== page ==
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The tip is a nice felt tip. The medium is a fair bit wide, but is almost uncomfortable far from the grip. It writes well but sometimes has so much feedback that it seems to drag on the paper. Its ink is a nice black, though sometimes it can fade to a deep grey. It applies easily and consistently, having very little line variation, which is good if you’re inking something. The nib does feel like it can get bent out of shape fairly easily though, so be careful.

So really, if you want an impromptu inking pen, or something to sketch or make technical drawings with, but don’t have a technical pen, this is a fairly nice replacement. It isn’t as high a quality so it won’t last as long, but it it still a superb writing instrument and a very cheap alternative, even if it doesn’t have all the same quality features.

Review – Pilot Precise v7 Black

Smooth writing is something quite a few people desire, for both writing and sketching. Fountain pens are some of the smoothest writers available, but they have some convenience issues. And regular ballpoints require too much force for some people to write smoothly. Pilot’s Precise line of liquid ink roller balls are meant to fill this gap in the pen market. This is the V7 black version.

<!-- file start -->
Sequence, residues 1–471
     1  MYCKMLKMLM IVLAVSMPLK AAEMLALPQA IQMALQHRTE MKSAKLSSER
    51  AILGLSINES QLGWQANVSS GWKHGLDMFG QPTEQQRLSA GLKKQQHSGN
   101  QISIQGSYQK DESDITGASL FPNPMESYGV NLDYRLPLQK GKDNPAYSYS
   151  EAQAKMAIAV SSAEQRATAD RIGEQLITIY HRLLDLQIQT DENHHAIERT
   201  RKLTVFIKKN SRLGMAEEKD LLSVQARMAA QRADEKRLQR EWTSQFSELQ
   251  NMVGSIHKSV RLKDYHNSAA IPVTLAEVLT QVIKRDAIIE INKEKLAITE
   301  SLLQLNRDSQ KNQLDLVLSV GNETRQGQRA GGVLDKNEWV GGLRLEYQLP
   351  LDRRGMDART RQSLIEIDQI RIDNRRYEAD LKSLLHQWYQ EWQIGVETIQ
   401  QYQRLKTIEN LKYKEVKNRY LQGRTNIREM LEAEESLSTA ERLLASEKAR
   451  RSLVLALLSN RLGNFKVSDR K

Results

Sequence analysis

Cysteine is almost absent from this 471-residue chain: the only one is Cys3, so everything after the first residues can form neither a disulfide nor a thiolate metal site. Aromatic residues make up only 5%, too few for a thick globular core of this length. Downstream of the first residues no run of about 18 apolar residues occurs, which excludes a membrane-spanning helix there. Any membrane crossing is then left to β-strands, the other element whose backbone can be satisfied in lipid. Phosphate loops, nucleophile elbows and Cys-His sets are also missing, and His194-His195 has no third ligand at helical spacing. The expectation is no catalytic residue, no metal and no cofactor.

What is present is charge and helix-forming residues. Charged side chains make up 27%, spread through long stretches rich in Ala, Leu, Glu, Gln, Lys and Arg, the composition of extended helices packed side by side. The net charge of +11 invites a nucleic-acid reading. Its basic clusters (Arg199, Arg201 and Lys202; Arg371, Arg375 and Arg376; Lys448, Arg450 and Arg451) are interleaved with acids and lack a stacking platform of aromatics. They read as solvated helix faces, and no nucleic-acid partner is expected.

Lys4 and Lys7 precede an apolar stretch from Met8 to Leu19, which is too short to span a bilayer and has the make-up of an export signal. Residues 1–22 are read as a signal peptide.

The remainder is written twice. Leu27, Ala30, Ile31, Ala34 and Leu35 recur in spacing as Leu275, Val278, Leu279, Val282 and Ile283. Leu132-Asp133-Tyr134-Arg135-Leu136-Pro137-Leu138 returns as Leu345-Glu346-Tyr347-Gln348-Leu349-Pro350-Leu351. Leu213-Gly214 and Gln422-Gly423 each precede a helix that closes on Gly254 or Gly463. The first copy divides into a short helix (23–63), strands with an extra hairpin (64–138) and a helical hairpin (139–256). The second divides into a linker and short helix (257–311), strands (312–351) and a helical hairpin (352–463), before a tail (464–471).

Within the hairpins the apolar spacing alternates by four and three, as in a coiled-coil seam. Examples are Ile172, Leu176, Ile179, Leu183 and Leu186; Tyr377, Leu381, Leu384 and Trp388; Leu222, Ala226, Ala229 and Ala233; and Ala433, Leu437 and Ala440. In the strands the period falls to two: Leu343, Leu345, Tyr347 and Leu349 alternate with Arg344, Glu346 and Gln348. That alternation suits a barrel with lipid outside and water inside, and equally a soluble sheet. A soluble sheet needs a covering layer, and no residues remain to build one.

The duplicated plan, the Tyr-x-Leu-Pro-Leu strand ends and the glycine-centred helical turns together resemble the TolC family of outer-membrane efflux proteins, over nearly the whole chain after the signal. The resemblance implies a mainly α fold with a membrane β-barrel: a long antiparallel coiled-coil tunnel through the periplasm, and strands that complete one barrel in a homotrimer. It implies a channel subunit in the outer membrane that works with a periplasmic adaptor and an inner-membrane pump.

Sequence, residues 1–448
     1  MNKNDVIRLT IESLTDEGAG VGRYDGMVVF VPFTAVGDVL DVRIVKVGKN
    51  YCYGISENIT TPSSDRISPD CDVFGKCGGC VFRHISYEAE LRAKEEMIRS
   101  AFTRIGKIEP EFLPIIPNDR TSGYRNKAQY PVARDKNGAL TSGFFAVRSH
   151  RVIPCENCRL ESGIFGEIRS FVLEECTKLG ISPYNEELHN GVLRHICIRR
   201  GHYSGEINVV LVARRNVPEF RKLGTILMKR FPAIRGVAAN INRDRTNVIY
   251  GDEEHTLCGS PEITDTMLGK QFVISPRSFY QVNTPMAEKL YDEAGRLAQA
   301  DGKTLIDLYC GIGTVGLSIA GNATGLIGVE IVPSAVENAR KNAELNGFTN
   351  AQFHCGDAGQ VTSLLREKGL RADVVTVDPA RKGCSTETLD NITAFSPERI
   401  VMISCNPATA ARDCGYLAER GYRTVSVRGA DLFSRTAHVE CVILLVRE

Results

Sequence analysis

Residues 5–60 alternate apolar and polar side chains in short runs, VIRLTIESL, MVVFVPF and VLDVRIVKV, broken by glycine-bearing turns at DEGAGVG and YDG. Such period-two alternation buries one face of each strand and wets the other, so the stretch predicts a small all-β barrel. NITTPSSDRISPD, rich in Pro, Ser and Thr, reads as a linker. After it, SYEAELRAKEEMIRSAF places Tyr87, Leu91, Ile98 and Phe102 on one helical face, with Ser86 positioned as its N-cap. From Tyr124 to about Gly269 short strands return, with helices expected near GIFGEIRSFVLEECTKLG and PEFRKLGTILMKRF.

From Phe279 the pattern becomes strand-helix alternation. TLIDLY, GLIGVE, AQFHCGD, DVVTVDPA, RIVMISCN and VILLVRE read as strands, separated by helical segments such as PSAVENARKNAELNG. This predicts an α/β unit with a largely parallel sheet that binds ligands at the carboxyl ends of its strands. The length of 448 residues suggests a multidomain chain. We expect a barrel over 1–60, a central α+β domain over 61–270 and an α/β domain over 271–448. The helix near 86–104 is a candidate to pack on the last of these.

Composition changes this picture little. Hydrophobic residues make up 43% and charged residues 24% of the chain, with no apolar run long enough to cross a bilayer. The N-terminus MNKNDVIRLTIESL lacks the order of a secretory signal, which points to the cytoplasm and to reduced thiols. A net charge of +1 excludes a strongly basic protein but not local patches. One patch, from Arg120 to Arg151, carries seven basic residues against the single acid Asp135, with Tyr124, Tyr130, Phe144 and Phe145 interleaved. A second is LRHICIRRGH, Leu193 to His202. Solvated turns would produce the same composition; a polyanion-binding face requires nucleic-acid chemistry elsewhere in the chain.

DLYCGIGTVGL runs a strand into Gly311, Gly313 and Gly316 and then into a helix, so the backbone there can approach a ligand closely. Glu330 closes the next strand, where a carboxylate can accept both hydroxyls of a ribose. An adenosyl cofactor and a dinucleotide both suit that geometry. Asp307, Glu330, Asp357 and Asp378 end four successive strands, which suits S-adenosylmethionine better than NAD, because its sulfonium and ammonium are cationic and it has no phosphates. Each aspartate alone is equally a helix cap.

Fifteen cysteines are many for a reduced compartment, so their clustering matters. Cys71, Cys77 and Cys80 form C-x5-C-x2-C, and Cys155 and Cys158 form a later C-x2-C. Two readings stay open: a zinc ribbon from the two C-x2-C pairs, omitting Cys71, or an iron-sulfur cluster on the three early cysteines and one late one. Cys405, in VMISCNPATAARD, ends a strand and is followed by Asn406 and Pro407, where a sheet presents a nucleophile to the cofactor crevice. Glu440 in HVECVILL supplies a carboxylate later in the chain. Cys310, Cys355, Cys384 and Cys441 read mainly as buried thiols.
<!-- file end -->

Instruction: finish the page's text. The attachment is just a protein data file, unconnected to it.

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The pen body itself is straight, nice on the fingers, not slippery, but polished. All necessary info is printed on a label on the side, along with an ink window so you can view your supply, of which there is a lot. There is quite an interesting, fountain-pen-like feed which is clearly visible under the grip. It keeps up well with the writing. From there, there are some strange ribs leading up to an extended point with a rolling ball.